With the sprawling new Art Gallery of Ontario exhibition Toronto: Tributes + Tributaries, 1971-1989, new curator Wanda Nanibush unearths a vibrant, political and occasionally messy era of the city’s art history.
The wide-ranging exhibition of more than 100 works from the AGO’s collection represents 65 artists and collectives, including Michael Snow, Norval Morrisseau, Joanne Tod, Robert Houle, Robin Collyer, Rebecca Belmore and Lillian Allen.
The exhibition’s description panels include texts in both English and Anishinaabemowin (Ojibway), an acknowledgment of Toronto as the traditional territory of the Mississauga people. As well, a robust schedule of live events surrounds the exhibition, with special attention paid to performance art, as marginalized a discipline in the 1970s and eighties as it is today.
Shelley Niro: Waitress, 1986
With this darkly humorous and politicized self-portrait, Niro is the Mohawk waitress spilling wine on a privileged lady, while Prime Minister Brian Mulroney and his wife Mila waltz merrily and obliviously upon bead-work patterns and in front of false face masks.
The oil painting was made at a time when the Canadian government was dismissive of indigenous voices and when irony was deeply in fashion.
Andy Fabo: The Craft of the Contaminated, 1984
Andy Fabo, a founding member of the influential ChromaZone collective, poetically criticizes the homophobia plague of the 1980s, at the height of the AIDS crisis and a time of bathhouse raids and the policing of washrooms.
The painting portrays serpents, naked bodies and the societal and political abandonment of people at their most vulnerable time.
Ron Benner: Anthro-Apologies (And the trees grew inwards – for Manuel Scorza), 1979-1980
Peruvian produce is placed atop a large image of a field worker’s hands, with the rotting food causing mould and the decay of the unprotected photograph underneath.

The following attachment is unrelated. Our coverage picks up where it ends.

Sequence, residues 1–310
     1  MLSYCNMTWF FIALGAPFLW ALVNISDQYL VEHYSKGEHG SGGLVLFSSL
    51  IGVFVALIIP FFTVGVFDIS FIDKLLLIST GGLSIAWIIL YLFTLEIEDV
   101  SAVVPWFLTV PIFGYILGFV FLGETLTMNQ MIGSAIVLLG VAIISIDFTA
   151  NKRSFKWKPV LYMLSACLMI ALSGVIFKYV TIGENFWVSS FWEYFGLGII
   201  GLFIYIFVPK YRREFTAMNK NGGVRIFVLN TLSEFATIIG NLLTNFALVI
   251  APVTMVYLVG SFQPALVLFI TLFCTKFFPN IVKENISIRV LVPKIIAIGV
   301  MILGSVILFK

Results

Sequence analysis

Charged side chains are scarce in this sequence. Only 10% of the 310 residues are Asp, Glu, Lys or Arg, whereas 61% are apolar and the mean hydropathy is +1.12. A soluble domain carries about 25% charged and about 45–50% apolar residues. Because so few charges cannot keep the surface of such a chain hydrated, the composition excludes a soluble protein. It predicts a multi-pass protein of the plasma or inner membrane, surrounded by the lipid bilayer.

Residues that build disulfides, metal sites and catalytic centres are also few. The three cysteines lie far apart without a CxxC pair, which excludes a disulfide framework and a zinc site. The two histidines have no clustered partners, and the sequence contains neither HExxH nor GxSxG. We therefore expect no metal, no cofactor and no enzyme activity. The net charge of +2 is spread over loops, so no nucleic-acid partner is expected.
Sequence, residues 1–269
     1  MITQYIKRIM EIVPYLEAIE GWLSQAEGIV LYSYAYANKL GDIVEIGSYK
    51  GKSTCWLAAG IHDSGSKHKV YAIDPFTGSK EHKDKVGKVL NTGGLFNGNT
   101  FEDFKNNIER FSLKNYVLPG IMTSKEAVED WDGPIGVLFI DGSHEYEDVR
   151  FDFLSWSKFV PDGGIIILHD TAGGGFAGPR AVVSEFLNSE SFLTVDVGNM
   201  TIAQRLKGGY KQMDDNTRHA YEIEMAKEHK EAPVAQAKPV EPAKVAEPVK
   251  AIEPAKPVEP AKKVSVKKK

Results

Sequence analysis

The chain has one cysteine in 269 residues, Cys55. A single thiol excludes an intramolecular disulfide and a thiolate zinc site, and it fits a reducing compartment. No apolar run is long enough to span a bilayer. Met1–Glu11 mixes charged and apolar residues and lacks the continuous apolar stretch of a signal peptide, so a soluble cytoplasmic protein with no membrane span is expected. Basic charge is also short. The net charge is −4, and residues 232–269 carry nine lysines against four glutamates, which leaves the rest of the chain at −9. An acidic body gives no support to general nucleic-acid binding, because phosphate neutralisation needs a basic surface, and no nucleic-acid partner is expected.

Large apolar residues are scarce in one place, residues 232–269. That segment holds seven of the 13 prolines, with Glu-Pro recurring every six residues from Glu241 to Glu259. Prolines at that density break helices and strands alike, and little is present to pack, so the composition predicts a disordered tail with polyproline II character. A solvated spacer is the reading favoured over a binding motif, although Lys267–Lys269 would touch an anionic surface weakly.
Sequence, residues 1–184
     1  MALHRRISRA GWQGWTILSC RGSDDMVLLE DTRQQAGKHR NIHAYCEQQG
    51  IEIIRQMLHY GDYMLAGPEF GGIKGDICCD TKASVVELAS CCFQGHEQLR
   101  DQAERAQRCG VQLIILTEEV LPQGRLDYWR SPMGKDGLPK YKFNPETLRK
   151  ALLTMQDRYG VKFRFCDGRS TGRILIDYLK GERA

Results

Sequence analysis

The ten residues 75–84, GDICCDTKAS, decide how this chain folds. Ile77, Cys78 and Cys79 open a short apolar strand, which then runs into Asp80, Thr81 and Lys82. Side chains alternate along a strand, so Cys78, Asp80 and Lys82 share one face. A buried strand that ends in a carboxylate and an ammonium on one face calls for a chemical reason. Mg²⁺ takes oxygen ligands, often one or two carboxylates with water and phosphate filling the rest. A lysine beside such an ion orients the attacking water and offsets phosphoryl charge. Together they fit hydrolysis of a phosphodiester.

“Eventually it may not exist,” says exhibition curator Wanda Nanibush. “This was something artists were questioning in the seventies and eighties, the culture of preservation. It’s also about allowing art places to be a little messier – to deal with life.”
Rebecca Belmore: Rising to the Occasion, 1987-1991
In 1987, the newlyweds Prince Andrew and Sarah Ferguson visited a reconstructed fur-trading fort in Thunder Bay, Ont. The Anishinaabe-Canadian artist contributed a dress that was part Victorian ball gown and part beaver dam.
“The Royals came to our city for a handful of hours as performers, replaying colonial history,” Belmore explains. “What to wear for such an absurd occasion?”
Within the exhibition, the piece marks an era when discussions on race and colonialism found enthusiastic representation in the arts.
General Idea: Artist’s Conception: Miss General Idea, 1971
In 1971, the General Idea collective concocted a fake beauty pageant as a critique of glamour, fame and the art world. The piece was performed as a scripted award ceremony in the AGO’s Walker Court, where it was captured on video.
Elements of The 1971 Miss General Idea Pageant were presented at A Space, a pioneering part of the artist-run gallery movement that is recognized by the Tribute + Tributaries exhibition.